September 21, 2004
STANDS WITH WOLVES:
Finally, Kerry Takes a Stand (DAVID BROOKS, 9/21/04, NY Times)
First, Kerry argued that Iraq was never a serious threat to the United States, that the war was never justified and that Bush's focus on Iraq was a "profound diversion" from the real enemy, Osama bin Laden.
Second, Kerry argued that we are losing the war in Iraq. Casualties are mounting, the insurgency is spreading, and daily life is more miserable.
Third, Kerry argued that in times like this, brave leaders should tell the truth to the American people. Kerry reminded his audience that during Vietnam, he returned home "to offer my own personal voice of dissent," and he's decided to do the same thing now. The parallel is clear: Iraq is the new Vietnam.
Finally, Kerry declared that it is time to get out, beginning next summer. The message is that if Kerry is elected, the entire momentum of U.S. policy will be toward getting American troops out of Iraq as quickly as possible and shifting responsibility for Iraq onto other countries.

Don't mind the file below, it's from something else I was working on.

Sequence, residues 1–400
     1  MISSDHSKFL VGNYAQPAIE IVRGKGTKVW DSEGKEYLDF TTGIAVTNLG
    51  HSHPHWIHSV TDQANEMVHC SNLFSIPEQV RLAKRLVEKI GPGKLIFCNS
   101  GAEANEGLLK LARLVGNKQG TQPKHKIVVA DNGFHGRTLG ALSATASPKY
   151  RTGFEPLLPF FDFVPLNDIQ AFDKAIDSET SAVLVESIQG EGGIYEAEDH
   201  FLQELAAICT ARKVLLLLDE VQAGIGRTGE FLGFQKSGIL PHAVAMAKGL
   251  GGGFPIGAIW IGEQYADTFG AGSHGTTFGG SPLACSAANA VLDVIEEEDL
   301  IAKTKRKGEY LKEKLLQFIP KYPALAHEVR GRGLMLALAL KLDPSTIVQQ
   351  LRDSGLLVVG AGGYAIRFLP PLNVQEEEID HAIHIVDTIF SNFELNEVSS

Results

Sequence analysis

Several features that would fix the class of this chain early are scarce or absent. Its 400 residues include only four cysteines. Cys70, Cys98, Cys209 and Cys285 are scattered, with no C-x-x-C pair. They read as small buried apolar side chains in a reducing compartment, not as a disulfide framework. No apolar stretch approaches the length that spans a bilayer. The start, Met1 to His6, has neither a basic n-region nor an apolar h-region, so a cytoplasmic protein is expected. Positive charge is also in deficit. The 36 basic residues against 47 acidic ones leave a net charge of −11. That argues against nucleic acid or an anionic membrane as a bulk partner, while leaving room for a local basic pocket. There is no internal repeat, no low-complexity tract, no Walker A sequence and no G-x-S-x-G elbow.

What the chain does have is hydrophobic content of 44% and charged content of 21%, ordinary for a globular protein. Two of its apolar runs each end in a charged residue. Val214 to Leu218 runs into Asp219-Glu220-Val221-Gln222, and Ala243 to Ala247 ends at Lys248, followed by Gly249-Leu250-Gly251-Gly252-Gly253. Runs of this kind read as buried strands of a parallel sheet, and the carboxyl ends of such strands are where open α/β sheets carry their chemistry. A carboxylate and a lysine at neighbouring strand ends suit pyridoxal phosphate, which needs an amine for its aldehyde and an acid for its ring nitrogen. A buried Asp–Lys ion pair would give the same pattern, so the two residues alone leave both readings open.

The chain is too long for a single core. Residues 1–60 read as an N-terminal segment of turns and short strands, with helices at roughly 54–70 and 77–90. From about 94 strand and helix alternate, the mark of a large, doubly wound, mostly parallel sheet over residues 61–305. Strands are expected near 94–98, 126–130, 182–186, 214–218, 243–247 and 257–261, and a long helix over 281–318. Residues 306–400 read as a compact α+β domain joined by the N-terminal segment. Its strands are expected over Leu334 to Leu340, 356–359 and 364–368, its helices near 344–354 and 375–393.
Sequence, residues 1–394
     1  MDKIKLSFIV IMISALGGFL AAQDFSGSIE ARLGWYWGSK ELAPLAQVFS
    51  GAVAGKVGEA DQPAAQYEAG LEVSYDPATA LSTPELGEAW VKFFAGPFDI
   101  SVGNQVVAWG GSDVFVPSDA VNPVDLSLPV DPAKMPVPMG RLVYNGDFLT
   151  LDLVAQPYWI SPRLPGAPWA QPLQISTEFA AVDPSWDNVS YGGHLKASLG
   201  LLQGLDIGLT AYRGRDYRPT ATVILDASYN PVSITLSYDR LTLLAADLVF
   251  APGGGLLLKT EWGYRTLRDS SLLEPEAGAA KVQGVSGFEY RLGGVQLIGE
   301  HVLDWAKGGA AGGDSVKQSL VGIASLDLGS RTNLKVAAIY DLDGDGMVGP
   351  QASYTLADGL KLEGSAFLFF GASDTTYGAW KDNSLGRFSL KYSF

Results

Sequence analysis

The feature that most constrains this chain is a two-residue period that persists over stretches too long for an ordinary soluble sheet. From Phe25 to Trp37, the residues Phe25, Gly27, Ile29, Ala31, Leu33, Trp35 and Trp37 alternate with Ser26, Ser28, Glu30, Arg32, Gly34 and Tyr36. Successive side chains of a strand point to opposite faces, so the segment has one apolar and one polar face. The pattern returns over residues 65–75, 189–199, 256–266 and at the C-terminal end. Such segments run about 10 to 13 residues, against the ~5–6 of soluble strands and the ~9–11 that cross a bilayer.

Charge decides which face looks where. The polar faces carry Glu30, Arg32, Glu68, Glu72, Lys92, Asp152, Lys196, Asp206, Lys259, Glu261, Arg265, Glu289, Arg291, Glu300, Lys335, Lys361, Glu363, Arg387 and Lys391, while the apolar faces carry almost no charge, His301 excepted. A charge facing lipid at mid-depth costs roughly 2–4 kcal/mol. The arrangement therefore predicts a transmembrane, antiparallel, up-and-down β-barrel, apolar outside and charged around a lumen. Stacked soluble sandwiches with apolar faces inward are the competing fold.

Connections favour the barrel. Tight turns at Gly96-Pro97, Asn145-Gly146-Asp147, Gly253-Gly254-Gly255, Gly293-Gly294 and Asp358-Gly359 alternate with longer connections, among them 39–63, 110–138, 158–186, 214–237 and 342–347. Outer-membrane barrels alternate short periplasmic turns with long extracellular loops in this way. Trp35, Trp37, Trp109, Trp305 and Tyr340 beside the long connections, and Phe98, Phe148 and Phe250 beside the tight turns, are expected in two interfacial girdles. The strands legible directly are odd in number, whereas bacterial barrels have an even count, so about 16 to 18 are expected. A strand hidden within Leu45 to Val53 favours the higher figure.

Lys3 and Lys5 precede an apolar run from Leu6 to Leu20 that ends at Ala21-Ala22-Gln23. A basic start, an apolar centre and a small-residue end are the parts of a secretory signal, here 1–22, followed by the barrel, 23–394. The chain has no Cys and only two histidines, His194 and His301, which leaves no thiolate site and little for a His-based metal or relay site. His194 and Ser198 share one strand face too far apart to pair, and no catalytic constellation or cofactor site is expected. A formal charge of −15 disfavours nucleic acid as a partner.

The crucial passage in the speech was this one: "The principles that should guide American policy in Iraq now and in the future are clear: we must make Iraq the world's responsibility, because the world has a stake in the outcome and others should share the burden." From a U.S. responsibility, Iraq will become the world's responsibility.
That's not actually the crucial one, because under the Kerry doctrine there could never be an international responsibility for Iraq: "Saddam Hussein was a brutal dictator who deserves his own special place in hell. But that was not, in itself, a reason to go to war." By Mr. Kerry's standard, what goes on in Iraq is none of our concern.
We prefer his prior, more American, standard: "Those who doubted whether Iraq or the world would be better off without Saddam Hussein...don't have the judgment to be president or the credibility to be elected president."Posted by Orrin Judd at September 21, 2004 9:40 AM